What are visitors looking for? Your checkout page tells you only where you've succeeded – not where you've missed an opportunity. Consider Best Buy's experience stocking a portable refrigerator to chill beer in the US. At first, they stocked it only during the Super Bowl. But search keywords reports revealed that shoppers still looked for the product code well into the baseball season – yet they couldn't find anything on the site.
Other key data that goes beyond conversions is the 'cart abandonment' rate: the percentage of customers who put items in the cart but leave your site before checking out. This crucial metric of your site's ability to close sales may indicate that something's amiss with your checkout process.
Where are your visitors landing, bouncing, and viewing? It's often assumed user experience begins on the homepage, and this misconception drives many an ecommerce site to waste hours of design work in the wrong place. Search engines dig deeper into ecommerce sites, bringing visitors to not just 'electronics', but also televisions, MP3 players or sat navs. Analytics data will tell you where your real 'homepages' reside, so you can focus your design work there. Curious? Just take a look at the 'Top Landing Pages' or 'Top Entry Pages' report in your Web Analytics tool.
Conversely, analytics will tell you which landing pages have the highest bounce rate – ie on which did people land, look around and quickly leave? This data tells you which of your pages are letting your customers down, and can also help with your redesign, since you can infer intent through the list of keywords and referring sites.
Web analytics can also show you the top viewed pages: information that's often overlooked. While you may consider yourself in the business of selling products, most of your hits could represent people reading customer reviews. Or perhaps you're selling 10 lines of products, but two of them show especially high traffic. Knowing what interests your customers will help you design a site that better meets expectations.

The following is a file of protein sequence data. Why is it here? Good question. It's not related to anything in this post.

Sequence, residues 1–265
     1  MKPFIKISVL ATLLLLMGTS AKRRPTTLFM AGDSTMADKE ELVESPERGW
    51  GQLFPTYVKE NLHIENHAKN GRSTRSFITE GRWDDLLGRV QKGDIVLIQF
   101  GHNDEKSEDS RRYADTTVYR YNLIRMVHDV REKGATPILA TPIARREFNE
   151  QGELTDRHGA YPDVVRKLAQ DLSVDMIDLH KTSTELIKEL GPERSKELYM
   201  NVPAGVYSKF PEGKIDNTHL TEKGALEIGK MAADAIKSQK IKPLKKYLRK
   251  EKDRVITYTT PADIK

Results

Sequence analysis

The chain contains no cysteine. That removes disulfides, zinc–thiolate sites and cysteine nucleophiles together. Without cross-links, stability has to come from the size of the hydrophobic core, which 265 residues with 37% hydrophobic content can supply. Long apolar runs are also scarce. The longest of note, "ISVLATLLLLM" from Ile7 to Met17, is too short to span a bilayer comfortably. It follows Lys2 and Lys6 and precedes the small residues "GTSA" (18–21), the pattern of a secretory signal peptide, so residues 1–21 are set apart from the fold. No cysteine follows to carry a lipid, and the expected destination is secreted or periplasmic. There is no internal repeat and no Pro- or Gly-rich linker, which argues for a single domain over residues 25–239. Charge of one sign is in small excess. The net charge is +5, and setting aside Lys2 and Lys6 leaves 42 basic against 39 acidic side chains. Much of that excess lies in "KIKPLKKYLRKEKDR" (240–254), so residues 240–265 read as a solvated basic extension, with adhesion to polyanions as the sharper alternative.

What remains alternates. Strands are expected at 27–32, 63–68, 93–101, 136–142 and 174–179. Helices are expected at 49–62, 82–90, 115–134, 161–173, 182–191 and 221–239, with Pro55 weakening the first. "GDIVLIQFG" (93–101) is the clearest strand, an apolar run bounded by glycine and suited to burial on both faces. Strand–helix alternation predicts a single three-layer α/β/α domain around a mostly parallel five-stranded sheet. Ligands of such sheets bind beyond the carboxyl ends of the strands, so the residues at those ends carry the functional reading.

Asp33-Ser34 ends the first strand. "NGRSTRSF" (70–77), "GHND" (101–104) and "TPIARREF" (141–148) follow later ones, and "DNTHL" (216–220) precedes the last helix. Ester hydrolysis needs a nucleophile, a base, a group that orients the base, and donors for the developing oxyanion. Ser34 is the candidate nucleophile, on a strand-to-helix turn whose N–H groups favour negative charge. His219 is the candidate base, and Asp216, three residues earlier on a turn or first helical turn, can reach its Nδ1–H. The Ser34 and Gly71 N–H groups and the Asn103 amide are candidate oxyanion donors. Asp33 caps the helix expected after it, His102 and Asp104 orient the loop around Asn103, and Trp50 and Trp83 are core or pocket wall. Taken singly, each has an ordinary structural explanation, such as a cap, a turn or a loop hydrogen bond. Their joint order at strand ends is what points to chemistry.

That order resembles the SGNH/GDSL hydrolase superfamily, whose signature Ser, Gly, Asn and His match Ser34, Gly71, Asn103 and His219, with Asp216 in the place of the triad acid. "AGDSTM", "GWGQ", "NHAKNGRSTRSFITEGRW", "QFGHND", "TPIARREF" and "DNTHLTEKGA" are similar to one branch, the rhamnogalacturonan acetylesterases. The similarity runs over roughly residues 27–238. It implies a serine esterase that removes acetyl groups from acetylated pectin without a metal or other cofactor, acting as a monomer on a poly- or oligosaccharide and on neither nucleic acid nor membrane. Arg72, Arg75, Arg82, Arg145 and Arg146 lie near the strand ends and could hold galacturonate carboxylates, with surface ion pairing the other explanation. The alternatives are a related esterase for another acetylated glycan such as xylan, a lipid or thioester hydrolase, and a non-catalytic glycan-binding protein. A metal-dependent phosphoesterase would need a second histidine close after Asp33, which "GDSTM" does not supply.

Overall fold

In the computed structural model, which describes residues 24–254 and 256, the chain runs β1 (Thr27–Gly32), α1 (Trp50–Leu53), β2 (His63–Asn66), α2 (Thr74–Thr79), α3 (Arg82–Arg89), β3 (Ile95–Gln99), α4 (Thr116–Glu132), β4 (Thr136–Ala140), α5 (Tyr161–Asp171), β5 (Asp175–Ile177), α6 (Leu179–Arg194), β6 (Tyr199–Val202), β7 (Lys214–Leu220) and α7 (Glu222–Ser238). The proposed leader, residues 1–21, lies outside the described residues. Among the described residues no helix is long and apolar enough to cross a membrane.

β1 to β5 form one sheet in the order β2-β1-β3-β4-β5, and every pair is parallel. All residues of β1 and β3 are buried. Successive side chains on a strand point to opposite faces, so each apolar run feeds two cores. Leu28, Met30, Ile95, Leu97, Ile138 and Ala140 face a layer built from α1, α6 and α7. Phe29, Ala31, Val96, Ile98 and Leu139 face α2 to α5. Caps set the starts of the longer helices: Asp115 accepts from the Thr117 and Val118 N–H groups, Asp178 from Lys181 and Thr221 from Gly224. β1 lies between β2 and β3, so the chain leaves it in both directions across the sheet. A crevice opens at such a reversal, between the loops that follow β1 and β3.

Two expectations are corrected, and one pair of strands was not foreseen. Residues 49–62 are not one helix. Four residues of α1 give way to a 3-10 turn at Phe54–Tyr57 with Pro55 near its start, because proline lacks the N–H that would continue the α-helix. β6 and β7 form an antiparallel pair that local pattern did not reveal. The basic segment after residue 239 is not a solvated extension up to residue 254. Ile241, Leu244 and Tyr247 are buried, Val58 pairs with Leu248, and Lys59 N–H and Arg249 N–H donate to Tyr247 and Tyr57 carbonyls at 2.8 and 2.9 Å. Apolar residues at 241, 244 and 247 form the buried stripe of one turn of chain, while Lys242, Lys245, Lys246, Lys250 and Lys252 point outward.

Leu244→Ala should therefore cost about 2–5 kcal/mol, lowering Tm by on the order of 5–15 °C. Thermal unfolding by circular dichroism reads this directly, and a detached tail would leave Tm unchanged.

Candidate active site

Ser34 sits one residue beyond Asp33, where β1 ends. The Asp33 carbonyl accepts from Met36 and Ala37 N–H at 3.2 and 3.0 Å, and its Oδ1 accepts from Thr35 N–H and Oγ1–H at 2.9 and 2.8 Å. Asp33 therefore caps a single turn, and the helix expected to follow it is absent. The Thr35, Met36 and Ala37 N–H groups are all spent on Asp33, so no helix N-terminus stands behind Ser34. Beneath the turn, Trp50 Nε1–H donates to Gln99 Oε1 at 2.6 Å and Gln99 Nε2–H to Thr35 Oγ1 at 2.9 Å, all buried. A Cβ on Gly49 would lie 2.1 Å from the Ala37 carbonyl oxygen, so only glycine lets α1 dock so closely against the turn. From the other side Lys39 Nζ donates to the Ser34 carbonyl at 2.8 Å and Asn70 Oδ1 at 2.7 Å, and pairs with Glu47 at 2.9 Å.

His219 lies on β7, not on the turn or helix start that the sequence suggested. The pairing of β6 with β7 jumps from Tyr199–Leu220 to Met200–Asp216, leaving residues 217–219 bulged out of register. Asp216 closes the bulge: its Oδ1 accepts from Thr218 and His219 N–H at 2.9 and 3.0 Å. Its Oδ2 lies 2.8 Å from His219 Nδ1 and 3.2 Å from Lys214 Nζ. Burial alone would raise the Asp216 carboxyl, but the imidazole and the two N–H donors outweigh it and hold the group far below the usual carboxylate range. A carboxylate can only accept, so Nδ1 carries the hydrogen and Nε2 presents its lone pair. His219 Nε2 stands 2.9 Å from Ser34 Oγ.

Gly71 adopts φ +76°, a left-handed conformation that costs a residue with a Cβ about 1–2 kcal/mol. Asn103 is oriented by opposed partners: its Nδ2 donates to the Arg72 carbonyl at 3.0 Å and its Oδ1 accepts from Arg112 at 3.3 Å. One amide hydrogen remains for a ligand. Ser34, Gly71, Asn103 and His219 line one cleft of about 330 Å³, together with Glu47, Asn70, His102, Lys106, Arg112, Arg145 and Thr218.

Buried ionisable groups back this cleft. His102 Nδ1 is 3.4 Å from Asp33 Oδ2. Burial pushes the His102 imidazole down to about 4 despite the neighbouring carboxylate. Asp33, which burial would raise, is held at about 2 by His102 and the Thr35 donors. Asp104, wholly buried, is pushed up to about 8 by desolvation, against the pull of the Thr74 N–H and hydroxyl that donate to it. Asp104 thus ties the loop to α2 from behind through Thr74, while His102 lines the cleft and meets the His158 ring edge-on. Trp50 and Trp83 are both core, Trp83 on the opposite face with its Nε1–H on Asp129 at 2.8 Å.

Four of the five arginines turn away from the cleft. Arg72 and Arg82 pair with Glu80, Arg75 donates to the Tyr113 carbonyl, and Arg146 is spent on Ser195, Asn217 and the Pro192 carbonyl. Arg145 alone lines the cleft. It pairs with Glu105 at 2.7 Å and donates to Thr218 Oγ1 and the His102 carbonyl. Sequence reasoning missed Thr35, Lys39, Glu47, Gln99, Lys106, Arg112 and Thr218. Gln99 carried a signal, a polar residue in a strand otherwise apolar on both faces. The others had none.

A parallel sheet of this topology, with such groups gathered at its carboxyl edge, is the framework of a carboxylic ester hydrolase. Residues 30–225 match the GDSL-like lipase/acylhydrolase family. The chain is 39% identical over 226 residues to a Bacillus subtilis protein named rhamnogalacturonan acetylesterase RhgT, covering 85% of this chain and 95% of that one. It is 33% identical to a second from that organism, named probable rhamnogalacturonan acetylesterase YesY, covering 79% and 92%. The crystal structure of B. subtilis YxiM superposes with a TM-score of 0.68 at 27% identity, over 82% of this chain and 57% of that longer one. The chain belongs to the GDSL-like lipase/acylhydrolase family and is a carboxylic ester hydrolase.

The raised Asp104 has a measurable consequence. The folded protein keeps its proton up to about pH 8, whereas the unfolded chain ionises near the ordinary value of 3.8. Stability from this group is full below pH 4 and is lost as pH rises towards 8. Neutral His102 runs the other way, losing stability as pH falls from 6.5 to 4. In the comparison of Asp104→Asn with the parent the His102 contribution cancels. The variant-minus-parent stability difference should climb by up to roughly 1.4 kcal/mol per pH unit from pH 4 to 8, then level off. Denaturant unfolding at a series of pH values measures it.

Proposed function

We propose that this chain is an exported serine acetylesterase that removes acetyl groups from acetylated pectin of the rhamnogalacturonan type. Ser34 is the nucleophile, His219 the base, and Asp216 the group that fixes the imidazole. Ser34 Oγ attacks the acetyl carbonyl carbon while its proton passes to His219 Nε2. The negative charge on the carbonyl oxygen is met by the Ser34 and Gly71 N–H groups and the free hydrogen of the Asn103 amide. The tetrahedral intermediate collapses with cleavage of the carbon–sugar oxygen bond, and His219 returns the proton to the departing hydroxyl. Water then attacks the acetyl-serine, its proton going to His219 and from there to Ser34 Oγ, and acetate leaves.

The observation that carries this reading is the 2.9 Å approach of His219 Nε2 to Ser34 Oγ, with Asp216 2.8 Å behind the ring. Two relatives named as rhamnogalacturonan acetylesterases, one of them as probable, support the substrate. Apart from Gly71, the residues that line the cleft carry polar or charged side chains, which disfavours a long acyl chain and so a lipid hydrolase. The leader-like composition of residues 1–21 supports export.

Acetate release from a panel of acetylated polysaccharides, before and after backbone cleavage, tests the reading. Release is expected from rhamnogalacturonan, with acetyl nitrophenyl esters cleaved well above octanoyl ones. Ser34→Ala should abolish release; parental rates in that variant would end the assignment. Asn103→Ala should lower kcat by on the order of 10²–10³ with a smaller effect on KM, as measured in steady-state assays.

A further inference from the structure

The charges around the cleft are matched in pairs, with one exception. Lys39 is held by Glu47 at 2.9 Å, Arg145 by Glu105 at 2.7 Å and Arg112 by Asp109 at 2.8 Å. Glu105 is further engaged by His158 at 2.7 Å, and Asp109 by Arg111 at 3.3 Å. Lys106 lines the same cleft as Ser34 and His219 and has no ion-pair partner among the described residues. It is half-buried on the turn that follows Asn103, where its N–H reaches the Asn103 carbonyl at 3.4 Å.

Analytics can help you understand what drives performance up or down. Earning $15,000 in the last 24 hours is good; knowing what drove that surge is even better. Ecommerce tracking shows the number of orders placed, the value of those orders, and more, by hour, day, week and month. By segmenting your data over different time lines, you can see both seasonal trends and more subtle buying habits that could otherwise go unnoticed.
Putting this information into practice takes not just creativity, but also a willingness to experiment. This spirit of adventure comes through on some of the most successful retail sites. Crutchfield (crutchfield.com) has taken the unorthodox approach of putting its checkout cart on the left side of the screen. Is that a good idea? Analytics reports have confirmed that it is – at least for them. Wal-Mart commonly puts products on its website that are unavailable in its stores. When those zebra- patterned bed sheets prove they have a following, the company understands the demographics enough to place them in targeted store locations.
Earlier this year we redesigned the Google Analytics site. The goal was to make it easier to discover information relationships via navigation and visualisations. We created a customisable dashboard and introduced sparklines. We developed new graphing tools and a new type of date slider, which make it easy to see spikes and dips in traffic as you set date ranges. And one of the most popular new features is one of the simplest: the ability to email reports and schedule these emails so that information can be easily shared with key stakeholders in your organisation.